One of the Nintendo Switch’s selling features was its numerous ways to play games – i.e. tabletop mode, docked, or mobile, and with the Joy-Cons connected or separate from each other. There’s an option the company didn’t include, however: turning the system vertically to play classic arcade games in portrait mode. With a Kickstarter campaign for the coming accessory called Flip Grip, that’s about to change.
The Flip Grip consists of a single piece of injection molded plastic. The Switch console is inserted into it while rotated 90 degrees counterclockwise (it won’t lock in if inserted clockwise), and the Joy-Cons are slid into the side rails the same as they’re equipped to the actual console normally. Taking them out is also identical – pressing the release buttons and sliding them up and out. Then, a rubber tab is pulled to un-dock the Switch from the Flip Grip.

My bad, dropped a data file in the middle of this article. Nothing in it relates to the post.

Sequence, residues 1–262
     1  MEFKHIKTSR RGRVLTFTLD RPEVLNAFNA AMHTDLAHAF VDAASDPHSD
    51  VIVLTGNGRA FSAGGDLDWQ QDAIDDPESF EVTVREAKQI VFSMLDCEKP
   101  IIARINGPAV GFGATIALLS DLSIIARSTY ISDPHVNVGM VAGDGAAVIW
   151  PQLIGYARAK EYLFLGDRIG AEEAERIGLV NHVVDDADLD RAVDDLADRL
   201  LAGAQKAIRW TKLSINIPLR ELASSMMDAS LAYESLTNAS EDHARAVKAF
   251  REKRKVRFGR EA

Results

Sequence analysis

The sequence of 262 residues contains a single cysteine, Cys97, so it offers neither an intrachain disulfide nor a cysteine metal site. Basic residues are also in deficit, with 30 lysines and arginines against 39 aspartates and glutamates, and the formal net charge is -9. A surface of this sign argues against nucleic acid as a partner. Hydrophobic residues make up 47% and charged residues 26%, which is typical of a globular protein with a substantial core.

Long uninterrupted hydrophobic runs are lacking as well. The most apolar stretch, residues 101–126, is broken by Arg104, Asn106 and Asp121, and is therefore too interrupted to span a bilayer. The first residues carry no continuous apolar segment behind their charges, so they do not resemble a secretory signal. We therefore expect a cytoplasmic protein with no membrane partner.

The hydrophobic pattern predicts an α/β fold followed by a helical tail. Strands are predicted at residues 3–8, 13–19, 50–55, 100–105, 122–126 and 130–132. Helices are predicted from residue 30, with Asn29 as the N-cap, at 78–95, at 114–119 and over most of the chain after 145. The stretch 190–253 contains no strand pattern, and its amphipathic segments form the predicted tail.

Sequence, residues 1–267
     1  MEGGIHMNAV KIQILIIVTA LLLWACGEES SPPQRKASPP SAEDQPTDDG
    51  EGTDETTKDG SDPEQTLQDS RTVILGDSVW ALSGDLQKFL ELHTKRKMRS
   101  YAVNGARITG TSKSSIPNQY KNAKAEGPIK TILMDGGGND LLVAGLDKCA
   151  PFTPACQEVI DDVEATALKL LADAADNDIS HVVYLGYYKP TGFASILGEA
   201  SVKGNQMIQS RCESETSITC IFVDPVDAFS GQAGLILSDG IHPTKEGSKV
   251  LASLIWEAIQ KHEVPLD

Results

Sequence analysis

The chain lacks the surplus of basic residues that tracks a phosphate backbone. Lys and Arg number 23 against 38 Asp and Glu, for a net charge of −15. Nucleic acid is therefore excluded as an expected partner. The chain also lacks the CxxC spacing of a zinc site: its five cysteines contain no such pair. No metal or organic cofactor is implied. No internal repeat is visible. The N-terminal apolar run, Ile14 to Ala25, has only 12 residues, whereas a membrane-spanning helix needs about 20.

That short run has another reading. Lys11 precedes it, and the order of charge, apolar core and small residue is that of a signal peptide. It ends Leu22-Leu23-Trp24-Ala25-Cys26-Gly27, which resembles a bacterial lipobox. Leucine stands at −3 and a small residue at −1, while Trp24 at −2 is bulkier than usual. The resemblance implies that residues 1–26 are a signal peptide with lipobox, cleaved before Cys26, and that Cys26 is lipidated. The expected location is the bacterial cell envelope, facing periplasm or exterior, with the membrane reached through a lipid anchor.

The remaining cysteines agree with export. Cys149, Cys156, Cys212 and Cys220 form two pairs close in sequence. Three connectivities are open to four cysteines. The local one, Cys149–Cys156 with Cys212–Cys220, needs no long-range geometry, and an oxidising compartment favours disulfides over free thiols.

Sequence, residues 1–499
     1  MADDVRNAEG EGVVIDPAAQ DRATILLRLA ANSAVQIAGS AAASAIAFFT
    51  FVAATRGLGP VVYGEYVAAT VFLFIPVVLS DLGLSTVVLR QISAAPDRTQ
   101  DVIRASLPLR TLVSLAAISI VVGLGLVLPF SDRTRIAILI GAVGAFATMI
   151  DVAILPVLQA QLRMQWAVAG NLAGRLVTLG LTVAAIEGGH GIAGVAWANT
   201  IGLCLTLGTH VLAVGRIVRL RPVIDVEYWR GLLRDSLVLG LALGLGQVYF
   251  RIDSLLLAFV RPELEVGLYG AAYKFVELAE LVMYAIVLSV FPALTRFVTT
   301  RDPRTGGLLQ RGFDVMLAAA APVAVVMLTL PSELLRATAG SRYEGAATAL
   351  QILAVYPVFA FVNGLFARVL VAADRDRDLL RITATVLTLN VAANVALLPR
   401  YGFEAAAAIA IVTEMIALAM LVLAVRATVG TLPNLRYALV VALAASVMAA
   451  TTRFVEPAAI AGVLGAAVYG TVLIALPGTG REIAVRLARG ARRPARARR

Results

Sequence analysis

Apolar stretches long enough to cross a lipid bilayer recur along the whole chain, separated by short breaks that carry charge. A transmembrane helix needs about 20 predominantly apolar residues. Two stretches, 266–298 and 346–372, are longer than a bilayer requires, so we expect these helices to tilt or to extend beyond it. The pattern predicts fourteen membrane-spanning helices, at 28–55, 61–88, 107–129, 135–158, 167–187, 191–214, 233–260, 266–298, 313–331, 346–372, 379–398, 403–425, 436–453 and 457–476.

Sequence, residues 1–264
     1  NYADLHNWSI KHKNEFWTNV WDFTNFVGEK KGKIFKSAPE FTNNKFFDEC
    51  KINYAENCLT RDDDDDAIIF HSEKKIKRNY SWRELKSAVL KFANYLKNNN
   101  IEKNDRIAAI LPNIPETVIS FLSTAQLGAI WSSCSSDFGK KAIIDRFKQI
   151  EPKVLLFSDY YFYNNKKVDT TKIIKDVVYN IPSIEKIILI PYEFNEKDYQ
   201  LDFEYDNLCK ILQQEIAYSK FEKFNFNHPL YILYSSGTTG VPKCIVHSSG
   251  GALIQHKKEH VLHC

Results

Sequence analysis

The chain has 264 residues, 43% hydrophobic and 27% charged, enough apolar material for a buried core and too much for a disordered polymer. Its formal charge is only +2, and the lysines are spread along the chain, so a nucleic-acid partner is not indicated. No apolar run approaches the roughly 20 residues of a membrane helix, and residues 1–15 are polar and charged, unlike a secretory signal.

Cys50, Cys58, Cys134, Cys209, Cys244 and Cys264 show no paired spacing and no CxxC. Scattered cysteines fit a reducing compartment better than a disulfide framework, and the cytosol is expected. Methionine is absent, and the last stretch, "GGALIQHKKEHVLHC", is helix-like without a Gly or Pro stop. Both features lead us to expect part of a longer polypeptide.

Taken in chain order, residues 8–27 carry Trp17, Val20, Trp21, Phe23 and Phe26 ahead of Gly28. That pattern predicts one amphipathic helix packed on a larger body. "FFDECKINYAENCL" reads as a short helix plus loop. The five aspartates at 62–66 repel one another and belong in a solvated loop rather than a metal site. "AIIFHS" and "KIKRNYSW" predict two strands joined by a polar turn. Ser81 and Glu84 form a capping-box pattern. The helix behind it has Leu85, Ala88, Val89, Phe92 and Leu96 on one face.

It’s important to mention, this is a no-risk Kickstarter campaign. Legality, manufacturing, and product design have all been taken care of. The biggest issue isn’t in the product design but in the console’s design: the Switch wasn’t made with verticality in mind. Things like the main menu will remain sideways even when the system is held vertically, meaning players will want to only use the Flip Grip while in the actual game. There are also a couple of games that only support verticality with clockwise rotation (so the Flip Grip will have them upside down). The Switch also can’t be powered down or docked while being gripped.
After a very well-thought-out design process and professional-grade preparation, the actual Kickstarter campaign found itself fully funded literally overnight. This thing is happening for real. Once the window closes, official production will commence, and shipping is set for November this year under the internal distribution channels of Fangamer. In short, it’s about to be on like Donkey Kong.
Matt Eschbach is a PC, Mac and Android indie game developer and fiction writer. His works have won multiple monetary awards from various contests. Graduating college in 2012 with a major in Game Design, Matt spends his time making stuff up and then building it. His favorite hobby… is sleeping.